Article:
A number of different innovative gas turbine cycles are currently being developed for future high performance power generation applications. Of particular interest are new cycles such as the Humid Air Turbine (HAT) cycle and the Chemically Recuperated Gas Turbine (CRGT) cycle. The HAT cycle has reached the stage of commercial demonstration, whereas the CRGT cycle is still in the research stage.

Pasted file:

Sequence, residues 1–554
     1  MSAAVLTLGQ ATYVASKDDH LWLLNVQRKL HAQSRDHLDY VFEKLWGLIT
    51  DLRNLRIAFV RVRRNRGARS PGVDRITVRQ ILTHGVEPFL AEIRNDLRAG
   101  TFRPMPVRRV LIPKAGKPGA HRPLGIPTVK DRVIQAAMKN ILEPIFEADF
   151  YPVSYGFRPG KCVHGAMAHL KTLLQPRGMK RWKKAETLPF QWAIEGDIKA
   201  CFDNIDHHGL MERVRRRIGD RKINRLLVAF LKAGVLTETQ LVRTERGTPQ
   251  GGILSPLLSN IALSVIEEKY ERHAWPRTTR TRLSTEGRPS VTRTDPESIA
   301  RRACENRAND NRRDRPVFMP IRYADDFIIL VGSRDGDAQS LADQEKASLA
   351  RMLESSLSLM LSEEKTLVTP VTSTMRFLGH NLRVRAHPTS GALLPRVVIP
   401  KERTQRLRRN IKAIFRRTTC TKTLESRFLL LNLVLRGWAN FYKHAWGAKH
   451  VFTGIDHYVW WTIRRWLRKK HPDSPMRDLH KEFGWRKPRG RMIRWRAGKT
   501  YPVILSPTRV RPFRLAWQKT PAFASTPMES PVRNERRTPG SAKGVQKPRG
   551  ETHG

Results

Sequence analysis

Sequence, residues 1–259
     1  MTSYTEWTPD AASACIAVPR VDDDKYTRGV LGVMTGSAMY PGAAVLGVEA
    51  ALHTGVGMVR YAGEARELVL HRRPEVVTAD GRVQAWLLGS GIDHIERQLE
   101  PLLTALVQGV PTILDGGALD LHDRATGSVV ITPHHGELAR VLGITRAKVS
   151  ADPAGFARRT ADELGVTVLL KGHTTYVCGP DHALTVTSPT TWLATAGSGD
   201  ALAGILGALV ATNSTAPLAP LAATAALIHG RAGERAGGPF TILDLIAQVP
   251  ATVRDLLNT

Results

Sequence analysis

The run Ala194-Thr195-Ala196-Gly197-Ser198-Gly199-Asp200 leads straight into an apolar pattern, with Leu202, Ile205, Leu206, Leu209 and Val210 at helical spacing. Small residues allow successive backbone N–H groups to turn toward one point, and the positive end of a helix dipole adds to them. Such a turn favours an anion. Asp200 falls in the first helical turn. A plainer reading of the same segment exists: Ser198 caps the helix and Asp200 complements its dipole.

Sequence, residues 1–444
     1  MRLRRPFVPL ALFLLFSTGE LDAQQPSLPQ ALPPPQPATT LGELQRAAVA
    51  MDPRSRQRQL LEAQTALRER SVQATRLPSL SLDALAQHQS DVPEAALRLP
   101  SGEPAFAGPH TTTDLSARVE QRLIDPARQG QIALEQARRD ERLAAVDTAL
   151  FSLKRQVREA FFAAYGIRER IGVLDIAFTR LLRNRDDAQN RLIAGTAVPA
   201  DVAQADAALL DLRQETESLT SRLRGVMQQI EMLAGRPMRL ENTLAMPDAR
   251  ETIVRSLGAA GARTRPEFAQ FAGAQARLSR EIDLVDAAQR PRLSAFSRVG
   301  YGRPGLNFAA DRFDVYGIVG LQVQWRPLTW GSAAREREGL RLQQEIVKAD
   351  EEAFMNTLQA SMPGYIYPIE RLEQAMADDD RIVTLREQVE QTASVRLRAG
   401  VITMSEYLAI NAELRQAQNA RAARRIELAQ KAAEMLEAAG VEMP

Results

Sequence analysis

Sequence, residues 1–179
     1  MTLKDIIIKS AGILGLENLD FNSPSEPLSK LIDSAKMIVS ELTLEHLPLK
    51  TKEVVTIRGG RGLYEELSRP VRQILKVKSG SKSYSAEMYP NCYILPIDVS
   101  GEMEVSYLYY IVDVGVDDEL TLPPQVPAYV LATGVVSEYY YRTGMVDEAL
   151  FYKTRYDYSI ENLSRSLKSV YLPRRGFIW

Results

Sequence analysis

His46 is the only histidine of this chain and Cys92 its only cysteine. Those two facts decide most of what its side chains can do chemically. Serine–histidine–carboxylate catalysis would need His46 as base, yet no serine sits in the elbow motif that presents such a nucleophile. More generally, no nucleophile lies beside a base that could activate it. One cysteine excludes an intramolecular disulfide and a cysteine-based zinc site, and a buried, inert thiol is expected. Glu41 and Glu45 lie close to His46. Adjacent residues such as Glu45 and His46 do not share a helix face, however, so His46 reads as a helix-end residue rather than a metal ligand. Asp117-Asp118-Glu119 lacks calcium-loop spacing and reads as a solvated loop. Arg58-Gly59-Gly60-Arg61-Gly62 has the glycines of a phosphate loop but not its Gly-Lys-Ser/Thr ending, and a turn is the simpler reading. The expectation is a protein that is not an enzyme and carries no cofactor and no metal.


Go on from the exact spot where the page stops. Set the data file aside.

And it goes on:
Performance predictions for CRGT cycles show cycle performance levels higher than those of the basic Steam Injected (STIG) cycle, but lower than those of state-of-the-art combined cycles. Thus, CRGT cycles are most likely to be of interest for intermediate load operation or cogeneration. For such applications, part load performance is a key performance criterion. Part load operation is generally detrimental to power plant performance, and it is thus important to assess the part load performance of such a plant under various operating conditions. The emphasis of this paper is on the comparison of part load performance of various advanced cycles (STIG, CRGT, Combined Cycle). The results show that the part load performance levels of a CRGT cycle deteriorate less fast than those of a combined cycle, whereas part load behavior is similar to that of a STIG cycle. However, this study also indicates that CRGT part load performance is less attractive than published performance curves of Westinghouse’s innovative CHAT cycle, thus confirming that the key advantage of the CRGT cycle is the projected ultra-low emissions characteristics of the cycle.